Three Iranians are Publicly Executed in Shiraz
On Wednesday, November 21st, as the morning sun beat down on the beige buildings, three blindfolded men were led into the middle of a public square. Around them, masked men readied several nooses. Another masked man shouted their charges through a megaphone.
The three prisoners, the masked man exclaimed to the small group gathered in attendance, were accused of “moharebeh” or “fighting with God”. The charge is increasingly being used by the clerical regime in Iran to arbitrary try its political opponents.
The Nov. 21 barbaric public executions in city of Shiraz is a futile ploy by the regime to sow fear and terrorize the citizens as the nationwide support for the workers' expanding protests in Shush and Ahvaz is growing.#IranProtests #Executionhttps://t.co/mD4vTQ26rX
— NCRI-U.S. Rep Office (@NCRIUS) November 23, 2018
In December, a court upheld the death penalty for Swedish resident, Ahmadreza Djalali over the same accusations. Several arrested during the December and January protests have also been charged with the same “moharebeh” umbrella charge.
The three men in Shiraz are forced aboard trucks, carefully positioned so the flatbeds lie underneath the pre-arranged nooses, on their flanks are three further masked men. Escape is not an option.
In a brutal act of suppression and violence, the three men were hanged in the sunlit square, in full view of the Iranian public.
A Regime in Crisis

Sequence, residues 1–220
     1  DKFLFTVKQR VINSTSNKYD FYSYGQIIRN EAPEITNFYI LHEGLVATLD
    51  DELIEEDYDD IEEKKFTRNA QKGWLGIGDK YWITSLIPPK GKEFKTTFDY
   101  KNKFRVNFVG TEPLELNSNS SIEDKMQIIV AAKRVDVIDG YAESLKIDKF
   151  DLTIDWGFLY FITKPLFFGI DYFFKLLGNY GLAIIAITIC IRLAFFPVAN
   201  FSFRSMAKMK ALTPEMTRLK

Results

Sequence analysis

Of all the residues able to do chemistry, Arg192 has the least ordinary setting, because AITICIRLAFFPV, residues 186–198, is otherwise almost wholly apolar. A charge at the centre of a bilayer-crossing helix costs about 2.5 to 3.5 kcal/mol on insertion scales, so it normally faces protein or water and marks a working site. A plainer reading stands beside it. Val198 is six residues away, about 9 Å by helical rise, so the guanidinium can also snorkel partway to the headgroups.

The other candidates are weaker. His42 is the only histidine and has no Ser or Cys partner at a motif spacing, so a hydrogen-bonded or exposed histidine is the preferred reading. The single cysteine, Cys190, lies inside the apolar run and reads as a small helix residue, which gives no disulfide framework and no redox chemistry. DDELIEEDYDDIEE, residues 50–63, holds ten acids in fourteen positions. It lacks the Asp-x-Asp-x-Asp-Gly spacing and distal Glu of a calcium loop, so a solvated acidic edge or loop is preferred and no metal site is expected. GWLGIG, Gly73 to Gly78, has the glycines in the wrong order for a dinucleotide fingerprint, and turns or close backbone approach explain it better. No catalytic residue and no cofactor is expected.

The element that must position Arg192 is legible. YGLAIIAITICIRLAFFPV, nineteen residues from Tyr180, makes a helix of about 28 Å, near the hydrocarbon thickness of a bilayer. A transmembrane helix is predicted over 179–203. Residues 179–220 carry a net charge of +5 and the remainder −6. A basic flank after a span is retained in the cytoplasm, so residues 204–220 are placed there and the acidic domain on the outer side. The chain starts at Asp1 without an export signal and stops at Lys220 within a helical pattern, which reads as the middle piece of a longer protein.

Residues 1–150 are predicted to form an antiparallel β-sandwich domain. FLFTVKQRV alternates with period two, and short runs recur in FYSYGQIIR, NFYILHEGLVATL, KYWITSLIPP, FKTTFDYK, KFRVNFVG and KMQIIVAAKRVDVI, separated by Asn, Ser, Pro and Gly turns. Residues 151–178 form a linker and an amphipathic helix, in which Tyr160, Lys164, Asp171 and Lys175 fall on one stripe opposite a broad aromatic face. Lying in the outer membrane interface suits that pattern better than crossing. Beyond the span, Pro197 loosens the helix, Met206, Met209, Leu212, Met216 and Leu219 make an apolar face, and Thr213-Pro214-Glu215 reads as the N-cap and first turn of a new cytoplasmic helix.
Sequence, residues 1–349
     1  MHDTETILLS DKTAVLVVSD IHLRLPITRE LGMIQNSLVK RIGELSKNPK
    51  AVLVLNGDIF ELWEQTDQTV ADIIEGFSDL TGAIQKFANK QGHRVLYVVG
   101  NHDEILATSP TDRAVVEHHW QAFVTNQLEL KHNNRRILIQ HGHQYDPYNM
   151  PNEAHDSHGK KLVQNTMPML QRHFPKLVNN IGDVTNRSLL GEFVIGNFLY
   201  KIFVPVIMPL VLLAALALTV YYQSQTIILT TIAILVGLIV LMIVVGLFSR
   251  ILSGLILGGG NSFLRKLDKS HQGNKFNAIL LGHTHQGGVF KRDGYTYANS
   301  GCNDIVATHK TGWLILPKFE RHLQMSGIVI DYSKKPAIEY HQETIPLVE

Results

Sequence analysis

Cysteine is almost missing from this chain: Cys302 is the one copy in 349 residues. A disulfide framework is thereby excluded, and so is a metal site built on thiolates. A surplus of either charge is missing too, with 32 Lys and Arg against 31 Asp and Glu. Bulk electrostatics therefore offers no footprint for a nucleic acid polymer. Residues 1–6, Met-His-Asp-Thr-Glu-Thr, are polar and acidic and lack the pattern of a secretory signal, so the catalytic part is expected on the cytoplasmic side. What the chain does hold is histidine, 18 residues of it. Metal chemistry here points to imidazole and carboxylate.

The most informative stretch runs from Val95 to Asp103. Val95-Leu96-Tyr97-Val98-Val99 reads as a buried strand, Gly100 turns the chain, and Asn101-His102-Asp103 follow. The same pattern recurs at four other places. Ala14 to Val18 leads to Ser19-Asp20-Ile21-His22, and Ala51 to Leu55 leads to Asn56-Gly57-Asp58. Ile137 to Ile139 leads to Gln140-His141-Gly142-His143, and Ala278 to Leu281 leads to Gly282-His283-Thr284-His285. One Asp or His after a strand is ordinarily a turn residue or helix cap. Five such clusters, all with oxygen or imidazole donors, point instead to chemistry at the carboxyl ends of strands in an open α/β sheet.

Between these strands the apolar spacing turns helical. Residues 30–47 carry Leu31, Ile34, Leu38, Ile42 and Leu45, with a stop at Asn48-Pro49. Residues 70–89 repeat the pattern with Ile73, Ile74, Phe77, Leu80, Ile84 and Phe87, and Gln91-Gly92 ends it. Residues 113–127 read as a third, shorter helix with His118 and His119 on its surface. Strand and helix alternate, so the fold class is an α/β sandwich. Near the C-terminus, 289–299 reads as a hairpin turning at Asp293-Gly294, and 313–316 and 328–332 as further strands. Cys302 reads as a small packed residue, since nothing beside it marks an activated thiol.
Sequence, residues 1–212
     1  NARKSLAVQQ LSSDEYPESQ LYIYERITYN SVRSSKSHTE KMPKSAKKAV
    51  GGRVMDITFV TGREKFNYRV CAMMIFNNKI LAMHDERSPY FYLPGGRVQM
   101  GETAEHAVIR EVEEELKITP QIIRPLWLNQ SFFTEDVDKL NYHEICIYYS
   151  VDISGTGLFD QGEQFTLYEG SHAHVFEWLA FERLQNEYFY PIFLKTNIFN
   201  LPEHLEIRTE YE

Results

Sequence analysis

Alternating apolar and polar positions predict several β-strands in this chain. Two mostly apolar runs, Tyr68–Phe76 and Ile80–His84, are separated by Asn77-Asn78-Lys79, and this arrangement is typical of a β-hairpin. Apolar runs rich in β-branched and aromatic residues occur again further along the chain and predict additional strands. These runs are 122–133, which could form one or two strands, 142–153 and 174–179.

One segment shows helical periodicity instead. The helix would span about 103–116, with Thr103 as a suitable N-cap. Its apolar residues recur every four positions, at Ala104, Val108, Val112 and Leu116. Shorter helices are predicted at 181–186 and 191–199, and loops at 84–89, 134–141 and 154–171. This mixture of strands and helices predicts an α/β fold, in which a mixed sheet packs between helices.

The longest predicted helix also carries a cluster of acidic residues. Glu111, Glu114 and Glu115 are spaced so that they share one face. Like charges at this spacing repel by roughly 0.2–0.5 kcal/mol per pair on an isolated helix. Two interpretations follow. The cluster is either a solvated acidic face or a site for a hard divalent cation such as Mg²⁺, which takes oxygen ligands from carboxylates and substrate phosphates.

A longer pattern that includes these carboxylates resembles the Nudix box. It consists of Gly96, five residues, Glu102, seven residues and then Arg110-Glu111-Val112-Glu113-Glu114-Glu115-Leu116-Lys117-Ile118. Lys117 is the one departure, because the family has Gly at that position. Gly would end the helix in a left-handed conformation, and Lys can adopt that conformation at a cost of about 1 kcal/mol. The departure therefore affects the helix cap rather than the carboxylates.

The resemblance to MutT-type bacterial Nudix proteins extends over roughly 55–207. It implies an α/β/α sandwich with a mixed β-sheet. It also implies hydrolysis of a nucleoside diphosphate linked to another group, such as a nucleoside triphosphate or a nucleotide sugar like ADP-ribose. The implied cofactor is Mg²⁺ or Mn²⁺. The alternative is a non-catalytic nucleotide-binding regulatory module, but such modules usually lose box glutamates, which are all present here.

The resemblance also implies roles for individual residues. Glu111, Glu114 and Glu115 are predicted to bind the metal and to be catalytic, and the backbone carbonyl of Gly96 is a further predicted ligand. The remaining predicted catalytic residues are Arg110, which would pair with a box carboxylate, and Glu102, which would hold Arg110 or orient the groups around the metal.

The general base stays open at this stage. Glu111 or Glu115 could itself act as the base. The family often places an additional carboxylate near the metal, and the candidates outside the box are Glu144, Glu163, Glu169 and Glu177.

The events that took place on Wednesday in Shiraz are not an isolated incident. Across Iran, unlawful public hangings like these are becoming increasingly common. Between January and June this year, the clerical regime executed 176 Iranian citizens.
The increasing use of the death penalty, including in cases against minor offenders who committed their crimes under the age of 18, is a sign of the increasing peril the regime finds itself in.
Alongside the surge in executions, has been a surge in anti-regime protests. Most recently, the brave workers at Haft Tappeh sugar factory took to the streets over the regime’s forced privatization of the company. Similar, the workers at Ahvaz Steel also went on strike in protest over the regime’s oppression and mismanagement.
The Iranian regime has always responded to civil unrest with violence and repression. The People’s Mujahedin Organisation of Iran (MEK), Iran’s largest and most popular political opposition group, was on the receiving end of this violence and oppression every time it threatened the regime’s future in power.
The most violent of all these responses took place in 1988 when the regime executed more than 30,000 MEK members in regime custody.
In response to the Iranian regime’s widespread use of violence and executions to ensure its future survival, international NGOs and human rights groups have lined up to condemn the mullahs and their Supreme Leader Khamenei.
The MEK, the Iranian resistance, the High Commissioner for Human Rights, the Special Rapporteur on human rights in Iran, and the rapporteur on arbitrary executions have all spoken out against the regime’s arbitrary application of the death penalty.
They have called for the immediate cessation of this medieval and inhumane form of punishment.